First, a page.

Additionally, many people are not equipped with enough hydrochloric acid in their stomachs to sufficiently digest ultra high amounts of protein. Though the antacid business has made millions on products that reduce acid in the stomach, most digestive issues are caused by not having enough! As such, if you are an athlete who is eating higher than normal amounts of protein, you should consider taking a hydrochloric acid supplement, especially if you are experiencing acid reflux or heart burn. On top of that, if you are eating more than 0.8 grams of protein per pound of bodyweight, you should seriously consider reducing your protein intake.
- Ultra High Protein Diets Produce Sugar in the Body
If you read my latest article about why most people fail at low carb diets, you know that one of the reasons is due to eating too much protein. Eating an over excess of protein can induce a process called gluconeogenesis where protein is converted to glucose (sugar). This can create a number of undesirable side effects.
First, eating too much protein can inhibit ketosis and completely negate the purpose of a low carb diet, which is to burn fat for fuel, not glycogen. When excess protein is converted to glucose it drives up insulin levels, which decrease the amount of ketone bodies produced by the liver to fuel the brain. Hence, many who attempt a low carb-ultra high protein diet experience fatigue, brain fog, and slower weight loss because the liver metabolizes the excess glucose into fat.
Additionally, if protein is consumed in excess to the point of gluconeogenesis over time, excess insulin production can lead to insulin resistance. This may be why a recent study demonstrated that high protein intake could lead to increased risk of type-2 diabetes. So if you are on a high protein diet, and experiencing a lull in your fat loss, cutting back the protein could definitely help.
Protein sources are expensive, especially when you are trying to eat high quality protein sources 6 to 8 times a day like most bodybuilders do. Cutting the protein down in your diet, especially since you don’t need tons of protein, can dramatically decrease your monthly spending on food. This should be particularly helpful for many bodybuilders since they are typically young people just starting out in life. There is no need to overspend on food that is not necessarily getting you any closer to your fitness goals.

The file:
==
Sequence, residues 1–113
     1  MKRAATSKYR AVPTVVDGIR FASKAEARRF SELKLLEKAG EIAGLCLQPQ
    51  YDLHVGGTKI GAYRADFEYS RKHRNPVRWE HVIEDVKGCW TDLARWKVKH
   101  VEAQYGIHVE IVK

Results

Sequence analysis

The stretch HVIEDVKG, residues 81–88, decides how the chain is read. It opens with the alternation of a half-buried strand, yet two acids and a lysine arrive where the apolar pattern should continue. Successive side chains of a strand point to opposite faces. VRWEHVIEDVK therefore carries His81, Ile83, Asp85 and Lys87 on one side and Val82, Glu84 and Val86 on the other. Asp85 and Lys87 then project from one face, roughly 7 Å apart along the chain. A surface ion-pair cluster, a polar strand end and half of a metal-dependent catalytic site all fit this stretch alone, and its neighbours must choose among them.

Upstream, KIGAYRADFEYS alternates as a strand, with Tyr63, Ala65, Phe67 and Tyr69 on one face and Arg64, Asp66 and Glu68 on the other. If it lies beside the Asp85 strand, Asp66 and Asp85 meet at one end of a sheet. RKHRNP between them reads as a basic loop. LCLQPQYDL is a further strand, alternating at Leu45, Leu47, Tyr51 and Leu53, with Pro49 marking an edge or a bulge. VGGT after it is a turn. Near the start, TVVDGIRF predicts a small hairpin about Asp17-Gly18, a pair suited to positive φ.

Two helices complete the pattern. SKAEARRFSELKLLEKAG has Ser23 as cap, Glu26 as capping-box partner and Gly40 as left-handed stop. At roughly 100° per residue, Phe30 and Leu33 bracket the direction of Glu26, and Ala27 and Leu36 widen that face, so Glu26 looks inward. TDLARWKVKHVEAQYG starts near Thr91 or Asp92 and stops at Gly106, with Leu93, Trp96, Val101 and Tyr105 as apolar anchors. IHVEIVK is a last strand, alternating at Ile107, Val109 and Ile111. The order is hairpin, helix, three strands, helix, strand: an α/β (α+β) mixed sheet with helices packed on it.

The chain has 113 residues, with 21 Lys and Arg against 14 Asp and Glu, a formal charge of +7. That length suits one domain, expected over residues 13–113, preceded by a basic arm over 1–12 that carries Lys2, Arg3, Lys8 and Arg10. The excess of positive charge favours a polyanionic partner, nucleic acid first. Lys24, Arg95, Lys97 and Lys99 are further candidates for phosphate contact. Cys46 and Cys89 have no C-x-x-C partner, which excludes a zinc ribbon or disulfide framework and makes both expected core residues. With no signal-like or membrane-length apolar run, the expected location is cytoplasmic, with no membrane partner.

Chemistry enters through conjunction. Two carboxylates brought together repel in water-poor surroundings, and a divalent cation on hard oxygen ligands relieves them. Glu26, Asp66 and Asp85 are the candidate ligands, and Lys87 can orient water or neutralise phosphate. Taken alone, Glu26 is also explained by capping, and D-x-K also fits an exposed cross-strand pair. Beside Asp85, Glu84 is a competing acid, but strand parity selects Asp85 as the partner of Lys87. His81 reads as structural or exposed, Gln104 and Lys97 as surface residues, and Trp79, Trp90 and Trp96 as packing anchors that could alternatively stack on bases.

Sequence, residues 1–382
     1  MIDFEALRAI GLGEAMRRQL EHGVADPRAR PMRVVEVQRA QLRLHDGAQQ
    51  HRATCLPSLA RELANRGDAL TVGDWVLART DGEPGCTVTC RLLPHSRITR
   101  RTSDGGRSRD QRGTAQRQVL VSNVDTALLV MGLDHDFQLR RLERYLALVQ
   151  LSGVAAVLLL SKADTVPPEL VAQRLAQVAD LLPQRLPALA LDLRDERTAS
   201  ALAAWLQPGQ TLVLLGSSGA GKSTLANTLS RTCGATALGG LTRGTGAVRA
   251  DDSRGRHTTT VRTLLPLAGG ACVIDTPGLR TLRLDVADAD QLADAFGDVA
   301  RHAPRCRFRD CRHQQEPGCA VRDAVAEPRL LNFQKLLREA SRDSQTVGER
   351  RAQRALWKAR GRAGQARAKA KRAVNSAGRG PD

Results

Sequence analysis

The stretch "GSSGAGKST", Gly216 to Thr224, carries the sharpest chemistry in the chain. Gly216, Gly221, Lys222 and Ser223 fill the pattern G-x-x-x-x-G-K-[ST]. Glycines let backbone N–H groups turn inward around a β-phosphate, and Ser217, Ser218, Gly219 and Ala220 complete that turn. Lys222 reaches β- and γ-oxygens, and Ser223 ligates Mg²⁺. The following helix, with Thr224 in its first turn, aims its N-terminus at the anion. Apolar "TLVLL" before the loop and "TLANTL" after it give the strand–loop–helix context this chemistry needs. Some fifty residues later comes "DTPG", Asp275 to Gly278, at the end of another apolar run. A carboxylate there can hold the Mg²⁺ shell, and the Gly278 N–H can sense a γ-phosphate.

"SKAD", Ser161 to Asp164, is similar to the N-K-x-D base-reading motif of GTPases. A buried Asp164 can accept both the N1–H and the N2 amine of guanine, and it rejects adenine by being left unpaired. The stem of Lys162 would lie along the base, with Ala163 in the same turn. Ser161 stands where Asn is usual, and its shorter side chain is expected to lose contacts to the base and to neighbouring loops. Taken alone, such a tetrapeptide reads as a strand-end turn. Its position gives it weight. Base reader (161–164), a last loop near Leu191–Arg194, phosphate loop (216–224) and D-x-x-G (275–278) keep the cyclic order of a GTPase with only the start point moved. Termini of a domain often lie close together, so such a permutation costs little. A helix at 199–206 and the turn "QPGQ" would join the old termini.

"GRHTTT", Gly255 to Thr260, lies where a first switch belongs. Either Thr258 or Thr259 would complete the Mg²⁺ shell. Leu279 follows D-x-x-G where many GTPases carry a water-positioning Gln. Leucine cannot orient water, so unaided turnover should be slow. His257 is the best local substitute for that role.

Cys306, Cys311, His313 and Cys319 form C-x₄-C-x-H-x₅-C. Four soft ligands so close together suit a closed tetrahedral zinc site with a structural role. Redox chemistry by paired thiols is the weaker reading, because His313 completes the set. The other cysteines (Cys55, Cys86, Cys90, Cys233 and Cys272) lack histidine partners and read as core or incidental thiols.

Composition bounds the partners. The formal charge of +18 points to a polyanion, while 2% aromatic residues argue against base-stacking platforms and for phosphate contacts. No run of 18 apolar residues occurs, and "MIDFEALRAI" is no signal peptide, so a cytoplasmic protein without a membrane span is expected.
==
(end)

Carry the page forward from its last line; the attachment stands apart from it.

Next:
- Healthier Internal Organs and Slower Aging
Remember from our discussion above concerning nitrogen balance that ammonia is produced as a waste product when the body processes nitrogen from protein sources, and is excreted through feces and urine. To get this ammonia out of the body it first must be converted by the liver and kidneys into urea. Research has demonstrated that diets with protein levels between 200-400 grams can exceed the liver’s ability to convert ammonia to urea. This can allow toxic ammonia to build up in the blood stream, taxing the kidneys and other internal organs and building total body chronic inflammation.
Additionally, studies have demonstrated that higher protein intake is correlated with increased activity in the genes that cause you to age. Specifically the mammalian target of rapamycin (MTOR) is a known pathway for the aging process, and it’s activity increases with protein synthesis. Lowering protein intake can inhibit signaling from this gene and slow aging.
- You don’t need it!
Here’s the biggest factor that most of you are probably concerned about: Can I eat less protein and still reach my goal? The answer is yes. You do not need to eat excess amounts of protein to gain muscle or to burn fat. Researchers demonstrated no differences in protein synthesis between strength athletes consuming 0.6 grams of protein/lb and athletes consuming 1.2 grams/lb. Additionally, evidence demonstrates that 0.55 grams/lb of bodyweight was sufficient to maintain positive nitrogen balance in elite bodybuilders over the long term, and 0.75 grams/lb was sufficient to maintain positive nitrogen balance in novice lifters.
I cannot exclude myself as a culprit for spreading the misinformation that one needs 1 gram of protein or more per pound of bodyweight to build muscle. I was vastly wrong about this, but I was also a product of a culture where suggesting anything else was unheard of, and during the times that I did cut my clients’ protein levels, many strongly objected. It’s time that we begin identifying this institutionalized misinformation campaign, which for many years, was used to sell supplements. There is nothing wrong with consuming protein powder as a supplement to meet your daily protein requirements, but consuming protein, whether in powder or whole food form, to excess can ruin your health and halt your fitness progress.
Please contact me at anytime to discuss this or any other article at email@example.com or tweet me at @get2shredded.
 Brown et al. 2012. Diet induced dysbiosis of the intestinal microbiota and the effects on immunity and disease. Nutrients 4(8), 1095-1119.
 Gorbach S.L. Bengt E. gustafsson memorial lecture. Function of the normal human microflora. Scand. J. Infect. Dis. Suppl. 1986;49:17–30.
 Volek and Phinney. 2012. The Art and Science of Low Carbohydrate Performance. Beyond Obesity, LLC, 66.
 Van Nielen et al. 2014. Dietary Protein Intake and Incidence of Type 2 Diabetes in Europe: The EPIC-INTERACT Case-Cohort Study. Diabetes Care. 37(7), 1854-62.
 Bilsborough and Mann. 2006. A review of issues of dietary protein intake in humans. International Journal of Sports Nutrition and Exercise Metabolism. 16(2), 129-52.
 Hands et al. 2009. mTor’s role in the aging process: autophagy or protein synthesis? Aging 1(7), 587-97.
 Tarnopolsky et al. 1991. Evaluation of Protein Requirements for Trained Strength Athletes. Journal of Applied Physiology. 73(5), 1986-1995.
 Tarnopolsky et al. 1988. Influence of protein intake and training status on nitrogen balance and lean body mass. Journal of Applied Physiology. 64(1), 187-93.
 Lemon et al. 1992. Protein requirements and muscle mass/strength changes during intensive training in novice bodybuilders. Journal of Applied Physiology. 73(2), 767-75.